Sign in to follow this  
New year revolutions......

the slow down

Recommended Posts

Its going to be carnage. Government and private debt are escalating to unsustainable levels. We're fcuked. Brexit will be the final nail in the coffin. I think there is a real chance of a catastrophic devaluation of the pound at the end of the year.

I semi-retired a couple of years ago but still have 50% of a business (40 car pitch plus service, MoT).  I think I will bail out soon. Been having discussions with my partner. I have property overseas and want to get out. The UK is a hellhole now - for many many reasons.

  • Like 1

Share this post


Link to post
Share on other sites

People are going to want cars. Im not going anywhere. Maybe switch my stock profile as and when things change.   Currently doing well.

Share this post


Link to post
Share on other sites

When the big one happens they’ll be nothing any of us can do :mellow: until then, like Rory said, we just have to adapt

Share this post


Link to post
Share on other sites

The main problem at the moment is buying but.....

12 hours ago, New year revolutions...... said:

felt it yet?

battening the hatches?

....all of a sudden the cheapie buyers are cheaper than ever & I've had a few customers downgrading to my £3-4K stock due to redundancy.

  • Like 1

Share this post


Link to post
Share on other sites
3 hours ago, Mojo121 said:

When the big one happens they’ll be nothing any of us can do :mellow: until then, like Rory said, we just have to adapt

Agreed , keep overheads as low as poss,buying fewer cars but with sensible margins , but nobody knows how the winter will look .  That said I've been in and around the motor trade since 1986 ( I know...) and weathered a few recessions  , but my financial year ends Oct so that's crunch time for me whether to commit again for another year . Truth is though , if I'm not doing this , I'm likely a minimum wage bod !

 

  • Like 1

Share this post


Link to post
Share on other sites
3 hours ago, BHM said:

The main problem at the moment is buying but.....

....all of a sudden the cheapie buyers are cheaper than ever & I've had a few customers downgrading to my £3-4K stock due to redundancy.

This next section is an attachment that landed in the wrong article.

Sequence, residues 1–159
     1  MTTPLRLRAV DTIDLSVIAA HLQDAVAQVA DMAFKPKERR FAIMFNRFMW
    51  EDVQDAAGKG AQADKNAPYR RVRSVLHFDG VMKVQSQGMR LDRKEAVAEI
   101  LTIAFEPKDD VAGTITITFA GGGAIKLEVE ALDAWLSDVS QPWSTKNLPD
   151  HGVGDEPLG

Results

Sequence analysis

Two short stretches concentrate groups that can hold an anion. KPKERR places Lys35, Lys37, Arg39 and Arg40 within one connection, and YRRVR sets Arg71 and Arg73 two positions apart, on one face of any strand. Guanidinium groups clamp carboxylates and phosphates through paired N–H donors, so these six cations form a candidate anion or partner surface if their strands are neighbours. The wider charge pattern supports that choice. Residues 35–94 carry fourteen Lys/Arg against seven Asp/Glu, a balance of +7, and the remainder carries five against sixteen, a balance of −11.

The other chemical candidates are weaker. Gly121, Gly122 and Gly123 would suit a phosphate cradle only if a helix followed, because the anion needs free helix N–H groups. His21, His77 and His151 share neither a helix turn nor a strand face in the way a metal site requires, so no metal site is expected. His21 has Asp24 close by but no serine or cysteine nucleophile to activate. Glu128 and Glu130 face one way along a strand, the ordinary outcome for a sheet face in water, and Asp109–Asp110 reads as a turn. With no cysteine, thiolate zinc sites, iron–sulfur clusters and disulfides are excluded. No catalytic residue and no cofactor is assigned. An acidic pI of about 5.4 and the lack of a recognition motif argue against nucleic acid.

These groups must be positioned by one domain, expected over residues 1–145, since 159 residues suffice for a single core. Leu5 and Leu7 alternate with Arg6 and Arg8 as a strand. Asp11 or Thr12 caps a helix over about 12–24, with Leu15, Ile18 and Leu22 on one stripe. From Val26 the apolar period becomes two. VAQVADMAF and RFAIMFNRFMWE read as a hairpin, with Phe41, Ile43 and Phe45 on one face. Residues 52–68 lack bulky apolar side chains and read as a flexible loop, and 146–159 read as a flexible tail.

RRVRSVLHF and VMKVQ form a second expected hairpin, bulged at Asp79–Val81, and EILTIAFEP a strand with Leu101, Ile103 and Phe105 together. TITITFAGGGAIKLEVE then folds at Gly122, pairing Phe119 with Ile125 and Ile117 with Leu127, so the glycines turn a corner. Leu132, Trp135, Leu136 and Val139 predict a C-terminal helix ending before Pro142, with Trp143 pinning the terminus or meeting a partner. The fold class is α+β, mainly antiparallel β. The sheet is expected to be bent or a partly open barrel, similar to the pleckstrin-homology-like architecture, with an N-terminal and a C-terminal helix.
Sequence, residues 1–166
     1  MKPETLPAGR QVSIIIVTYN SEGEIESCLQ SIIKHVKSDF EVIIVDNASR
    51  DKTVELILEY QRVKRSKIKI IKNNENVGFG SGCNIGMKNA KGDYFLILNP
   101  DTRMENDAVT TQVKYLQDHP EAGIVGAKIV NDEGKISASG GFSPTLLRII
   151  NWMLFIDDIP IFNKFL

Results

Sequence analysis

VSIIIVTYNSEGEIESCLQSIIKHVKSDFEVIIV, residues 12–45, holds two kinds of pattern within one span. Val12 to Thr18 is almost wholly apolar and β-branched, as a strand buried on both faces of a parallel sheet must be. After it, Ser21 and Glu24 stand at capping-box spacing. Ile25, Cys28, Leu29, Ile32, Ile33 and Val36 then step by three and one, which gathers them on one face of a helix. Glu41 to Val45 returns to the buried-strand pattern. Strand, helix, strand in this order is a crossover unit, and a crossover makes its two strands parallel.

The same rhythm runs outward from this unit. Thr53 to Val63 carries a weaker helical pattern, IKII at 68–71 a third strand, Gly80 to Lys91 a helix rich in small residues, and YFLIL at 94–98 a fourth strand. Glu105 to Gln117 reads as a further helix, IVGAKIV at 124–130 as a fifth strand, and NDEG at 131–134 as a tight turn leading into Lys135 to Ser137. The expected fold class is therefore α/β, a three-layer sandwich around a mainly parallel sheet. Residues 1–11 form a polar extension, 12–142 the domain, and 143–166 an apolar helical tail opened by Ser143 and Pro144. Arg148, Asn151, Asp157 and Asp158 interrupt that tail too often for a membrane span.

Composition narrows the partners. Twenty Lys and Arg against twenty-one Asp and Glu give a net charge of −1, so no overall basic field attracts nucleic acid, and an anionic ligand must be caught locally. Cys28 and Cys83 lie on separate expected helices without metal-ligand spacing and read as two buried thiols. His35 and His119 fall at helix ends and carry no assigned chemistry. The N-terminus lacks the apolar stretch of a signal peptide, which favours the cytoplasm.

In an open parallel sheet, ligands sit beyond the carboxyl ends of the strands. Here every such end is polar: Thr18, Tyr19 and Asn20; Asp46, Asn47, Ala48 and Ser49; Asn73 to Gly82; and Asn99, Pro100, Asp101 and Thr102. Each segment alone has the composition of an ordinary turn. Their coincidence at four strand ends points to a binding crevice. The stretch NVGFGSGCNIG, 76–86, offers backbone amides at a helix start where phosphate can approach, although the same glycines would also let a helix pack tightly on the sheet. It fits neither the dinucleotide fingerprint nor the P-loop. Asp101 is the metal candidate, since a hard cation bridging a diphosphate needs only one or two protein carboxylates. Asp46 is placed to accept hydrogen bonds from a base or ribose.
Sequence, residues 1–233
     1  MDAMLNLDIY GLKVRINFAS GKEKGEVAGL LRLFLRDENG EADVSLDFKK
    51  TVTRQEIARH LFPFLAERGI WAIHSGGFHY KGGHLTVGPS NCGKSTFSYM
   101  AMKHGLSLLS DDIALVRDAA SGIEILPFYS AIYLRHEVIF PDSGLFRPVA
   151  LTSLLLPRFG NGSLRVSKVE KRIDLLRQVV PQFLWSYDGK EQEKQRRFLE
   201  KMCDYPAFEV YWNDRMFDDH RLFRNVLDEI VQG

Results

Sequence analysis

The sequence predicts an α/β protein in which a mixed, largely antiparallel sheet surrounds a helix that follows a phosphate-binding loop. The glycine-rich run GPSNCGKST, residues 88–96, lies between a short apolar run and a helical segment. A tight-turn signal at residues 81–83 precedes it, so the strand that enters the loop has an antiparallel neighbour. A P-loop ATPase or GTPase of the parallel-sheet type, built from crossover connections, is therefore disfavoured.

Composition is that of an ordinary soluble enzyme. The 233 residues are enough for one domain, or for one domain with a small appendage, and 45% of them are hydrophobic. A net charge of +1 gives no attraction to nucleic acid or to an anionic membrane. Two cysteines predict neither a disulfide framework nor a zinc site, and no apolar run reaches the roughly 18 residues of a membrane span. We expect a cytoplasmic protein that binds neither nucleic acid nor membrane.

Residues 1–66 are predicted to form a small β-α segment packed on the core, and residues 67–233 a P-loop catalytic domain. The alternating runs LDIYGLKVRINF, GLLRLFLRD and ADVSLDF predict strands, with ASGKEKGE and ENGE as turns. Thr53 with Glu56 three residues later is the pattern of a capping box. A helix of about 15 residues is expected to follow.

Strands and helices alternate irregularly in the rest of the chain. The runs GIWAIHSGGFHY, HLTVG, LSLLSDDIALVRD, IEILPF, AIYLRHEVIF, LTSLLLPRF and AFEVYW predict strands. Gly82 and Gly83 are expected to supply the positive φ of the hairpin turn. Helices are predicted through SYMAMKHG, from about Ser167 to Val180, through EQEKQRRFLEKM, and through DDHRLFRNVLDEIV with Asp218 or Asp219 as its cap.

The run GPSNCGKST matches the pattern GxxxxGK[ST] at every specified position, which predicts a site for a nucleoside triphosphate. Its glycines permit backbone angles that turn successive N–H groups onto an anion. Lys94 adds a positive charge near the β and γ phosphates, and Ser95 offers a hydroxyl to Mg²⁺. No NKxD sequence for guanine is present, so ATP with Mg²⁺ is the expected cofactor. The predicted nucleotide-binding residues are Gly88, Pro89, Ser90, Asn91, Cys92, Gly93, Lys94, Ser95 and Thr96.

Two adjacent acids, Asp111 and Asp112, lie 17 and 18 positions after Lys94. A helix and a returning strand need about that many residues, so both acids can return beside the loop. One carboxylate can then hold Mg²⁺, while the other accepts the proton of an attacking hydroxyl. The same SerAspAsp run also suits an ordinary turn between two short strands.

This will be the problem. Yes people will still want cars but with people cutting costs and losing jobs it will be the banger selling Facebook doorsteppers that will thrive. 
 

Share this post


Link to post
Share on other sites
Posted (edited)

Just get on with it, no point being afraid. Currently people need cars and there's very limited supply. Will people need cars in a few months time...probably.

All you can do is work hard, efficiently and keep an eye on costs, same as every month. If there's a mega recession I won't be able to stop it.

 

 

Edited by grant8064

Share this post


Link to post
Share on other sites

So will stock become cheaper?

Share this post


Link to post
Share on other sites
3 hours ago, Lakeside said:

This will be the problem. Yes people will still want cars but with people cutting costs and losing jobs it will be the banger selling Facebook doorsteppers that will thrive. 
 

Had a few nice ones offered to me in the last few days - all maintained to the hilt by proper people who’ve just realised they don’t need them and are changing to something more suitable for them.

the virus has given people time to think.

Not doom and gloom, these people are going to buy newer cars.

perhaps I’ve been lucky

Share this post


Link to post
Share on other sites
11 hours ago, grant8064 said:

Just get on with it, no point being afraid. Currently people need cars and there's very limited supply. Will people need cars in a few months time...probably.